Even at Low Levels, Toxic Metals Put Heart at Serious Risk: Study
Aug. 30, 2018 (HealthDay News)
Exposure to toxic metals such as arsenic, lead, copper and cadmium is associated with an increased risk of cardiovascular and heart disease, researchers report.
Their analysis of 37 studies that included nearly 350,000 people linked arsenic exposure to a 23 percent increased risk of coronary heart disease and a 30 percent increased risk of cardiovascular disease.
Exposure to cadmium and copper was linked to an increased risk of both diseases.
New Study Links Lead Exposure to Heart Disease Deaths
The research suggests that even low-level exposure may be a significant risk factor for heart disease
By Catherine Roberts
March 12, 2018
Lead exposure may contribute to more than 400,000 deaths of adults each year in the U.S., according to an estimate published today in the journal Lancet Public Health.
That number includes 256,000 annual deaths from cardiovascular disease, suggesting that lead exposure may be a significant, overlooked risk factor for this leading cause of death. The estimate was extrapolated from a nationally representative sample of 14,289 adults, whose blood had been tested for lead sometime between 1988 and 1994.
What is lead, and why is it bad?
Lead is a naturally occurring element in our environment. Its past and current use in several products mean we can be exposed to it from several sources. Lead is particularly dangerous for children under 6 years old.
The Enquirer Published January 10, 2018
Given that lead is a metal whose health effects have been known for centuries, why does it still pose a health problem? Short answer: Humans once used a lot of it and it’s hard to get rid of. Here are answers to six questions about lead.
Are you at risk from lead poisoning at an indoor shooting range?
If an indoor firing range does not have proper air ventilation, then shooters, range employees and visitors are exposed to lead dust
Indoor shooting ranges may put police officers, hobby shooters and employees at risk from lead exposure, particularly if proper dust-control measures are not in place.
“We are seeing an increase in firing range-related lead poisoning in adults, which can result from faulty ventilation systems or just inadequate cleanup of lead dust,” says Diane Calello, New Jersey Poison Control Center Executive and Medical Director at Rutgers New Jersey Medical School. “Exposure can happen from inhaling the lead dust emitted when the firearm is discharged or from ingestion of lead from contaminated hands or food.”
Lead Exposure at Shooting Ranges Poses a ‘Significant and Unmanaged’ Public Health Risk, Study Finds
May 10, 2017
The all-American pastime of squeezing off a few rounds at the range is riskier than many realize. A new analysis of 40 years of research demonstrates that gun range customers and staffers are at high risk of exposure to dangerous amounts of lead, from inhaling smoke and tiny bits of bullets that float through the air after crashing into targets.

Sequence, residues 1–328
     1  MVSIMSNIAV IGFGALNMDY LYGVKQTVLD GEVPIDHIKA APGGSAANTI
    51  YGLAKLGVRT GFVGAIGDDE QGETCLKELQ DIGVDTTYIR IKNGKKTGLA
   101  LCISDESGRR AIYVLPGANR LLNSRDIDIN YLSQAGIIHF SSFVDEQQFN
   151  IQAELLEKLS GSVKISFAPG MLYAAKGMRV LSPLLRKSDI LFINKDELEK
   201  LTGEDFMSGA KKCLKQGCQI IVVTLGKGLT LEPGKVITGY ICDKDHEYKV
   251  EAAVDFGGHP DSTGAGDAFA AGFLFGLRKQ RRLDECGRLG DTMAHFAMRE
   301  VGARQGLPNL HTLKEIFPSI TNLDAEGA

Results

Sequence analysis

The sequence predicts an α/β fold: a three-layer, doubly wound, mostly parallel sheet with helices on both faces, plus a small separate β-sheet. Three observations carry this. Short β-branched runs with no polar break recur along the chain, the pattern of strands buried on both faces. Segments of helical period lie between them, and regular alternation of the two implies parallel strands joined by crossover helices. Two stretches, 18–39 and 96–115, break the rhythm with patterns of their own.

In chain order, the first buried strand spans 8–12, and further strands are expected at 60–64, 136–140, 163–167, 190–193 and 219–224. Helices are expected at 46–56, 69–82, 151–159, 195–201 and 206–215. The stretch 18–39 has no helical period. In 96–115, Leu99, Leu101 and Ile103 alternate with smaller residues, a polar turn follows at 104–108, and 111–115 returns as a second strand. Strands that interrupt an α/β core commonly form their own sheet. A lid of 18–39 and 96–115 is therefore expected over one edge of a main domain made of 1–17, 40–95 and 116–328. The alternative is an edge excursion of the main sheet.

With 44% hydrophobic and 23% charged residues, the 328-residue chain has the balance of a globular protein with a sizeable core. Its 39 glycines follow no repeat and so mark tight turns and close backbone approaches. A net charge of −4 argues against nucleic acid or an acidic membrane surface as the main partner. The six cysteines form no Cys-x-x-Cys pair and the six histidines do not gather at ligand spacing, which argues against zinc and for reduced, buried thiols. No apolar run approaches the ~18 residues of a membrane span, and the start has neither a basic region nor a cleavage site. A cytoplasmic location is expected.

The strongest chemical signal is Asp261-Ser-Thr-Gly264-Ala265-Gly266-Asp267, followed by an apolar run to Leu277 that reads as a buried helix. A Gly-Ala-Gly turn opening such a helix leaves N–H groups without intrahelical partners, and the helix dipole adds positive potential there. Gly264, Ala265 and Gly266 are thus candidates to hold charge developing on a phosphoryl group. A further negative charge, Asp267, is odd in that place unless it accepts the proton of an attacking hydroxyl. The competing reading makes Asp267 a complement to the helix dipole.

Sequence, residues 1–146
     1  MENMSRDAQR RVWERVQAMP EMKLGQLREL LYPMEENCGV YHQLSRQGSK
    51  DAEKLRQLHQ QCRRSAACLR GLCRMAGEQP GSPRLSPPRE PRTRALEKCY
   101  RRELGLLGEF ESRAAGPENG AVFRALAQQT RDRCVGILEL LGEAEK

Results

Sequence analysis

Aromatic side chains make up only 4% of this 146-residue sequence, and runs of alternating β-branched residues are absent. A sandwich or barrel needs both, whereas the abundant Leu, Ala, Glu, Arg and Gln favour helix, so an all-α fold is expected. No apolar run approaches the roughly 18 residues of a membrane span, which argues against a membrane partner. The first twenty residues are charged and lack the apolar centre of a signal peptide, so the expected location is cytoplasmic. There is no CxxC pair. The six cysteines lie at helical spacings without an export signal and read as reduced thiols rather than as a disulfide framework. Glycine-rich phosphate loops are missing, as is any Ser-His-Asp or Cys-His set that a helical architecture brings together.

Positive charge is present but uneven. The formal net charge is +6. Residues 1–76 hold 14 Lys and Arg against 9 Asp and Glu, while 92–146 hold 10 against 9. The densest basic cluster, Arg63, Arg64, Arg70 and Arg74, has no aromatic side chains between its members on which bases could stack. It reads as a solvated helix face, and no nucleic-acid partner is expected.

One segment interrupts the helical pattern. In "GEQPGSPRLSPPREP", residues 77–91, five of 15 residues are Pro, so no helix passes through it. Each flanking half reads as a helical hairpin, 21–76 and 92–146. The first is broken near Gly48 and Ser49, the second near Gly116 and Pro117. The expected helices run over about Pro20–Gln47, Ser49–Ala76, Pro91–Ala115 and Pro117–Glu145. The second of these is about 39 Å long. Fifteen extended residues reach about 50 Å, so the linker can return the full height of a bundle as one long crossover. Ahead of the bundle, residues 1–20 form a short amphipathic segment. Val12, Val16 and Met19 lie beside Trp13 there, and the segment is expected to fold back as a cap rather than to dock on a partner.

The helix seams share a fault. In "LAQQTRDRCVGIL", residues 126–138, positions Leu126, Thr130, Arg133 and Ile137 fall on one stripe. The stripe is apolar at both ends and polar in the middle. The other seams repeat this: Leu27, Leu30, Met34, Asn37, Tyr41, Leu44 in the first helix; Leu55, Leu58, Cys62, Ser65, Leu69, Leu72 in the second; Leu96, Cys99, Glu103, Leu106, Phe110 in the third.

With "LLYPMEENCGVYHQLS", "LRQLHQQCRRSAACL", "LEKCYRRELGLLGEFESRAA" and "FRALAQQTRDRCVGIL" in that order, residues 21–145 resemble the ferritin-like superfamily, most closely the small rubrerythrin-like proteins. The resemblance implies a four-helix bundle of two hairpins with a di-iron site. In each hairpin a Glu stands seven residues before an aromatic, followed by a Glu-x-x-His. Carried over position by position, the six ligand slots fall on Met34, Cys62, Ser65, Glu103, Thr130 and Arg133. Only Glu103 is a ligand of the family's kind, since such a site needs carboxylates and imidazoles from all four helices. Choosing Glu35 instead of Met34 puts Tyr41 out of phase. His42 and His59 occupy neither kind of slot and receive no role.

The meta analysis of 36 studies conducted between 1975 and 2016, published in the journal Environmental Health examined the ways firing range patrons, employees, and their families are exposed to lead. It found that individuals who patronize or work at gun ranges had blood lead levels from between two and eight times the level of exposure deemed cause for serious concern by the federal Centers for Disease Control and Prevention. The review’s authors concluded that “firing ranges, regardless of type and user classification, currently constitute a significant and unmanaged public health problem.”
otect Your Kids From the Long-Lasting Effects of Childhood Lead Poisoning
New research suggests early exposure has an impact on adult IQ
By Lindsey Konkel
March 29, 2017
With millions of American children still at risk for lead poisoning, a new study suggests that the harmful effects could last well into adulthood.
Research over the past 40 years has linked lead poisoning to developmental delays, cognitive problems, and behavior issues during childhood and the teen years. But the new study, published this week in the Journal of the American Medical Association, is the first to link early lead exposure to problems later in life.
Loaded with Lead – A Seattle Times Investigation
Lead poisoning is a major threat at America’s shooting ranges, perpetuated by owners who’ve repeatedly violated laws even after workers have fallen painfully ill.
By Christine Willmsen, Lewis Kamb and Justin Mayo
October 17, 2014
A confused 38-year-old father in Kentucky rarely crawled out of bed. A conservation volunteer in Iowa lost feeling in his hands and feet. A 5-year-old girl in South King County doubled over in pain and vomited. The cause of their suffering: lead poisoning. The source: dirty gun ranges.
Indoor and outdoor, public and private, gun ranges dot the national landscape like bullet holes riddling a paper target, as the popularity of shooting has rocketed to new heights with an estimated 40 million recreational shooters annually.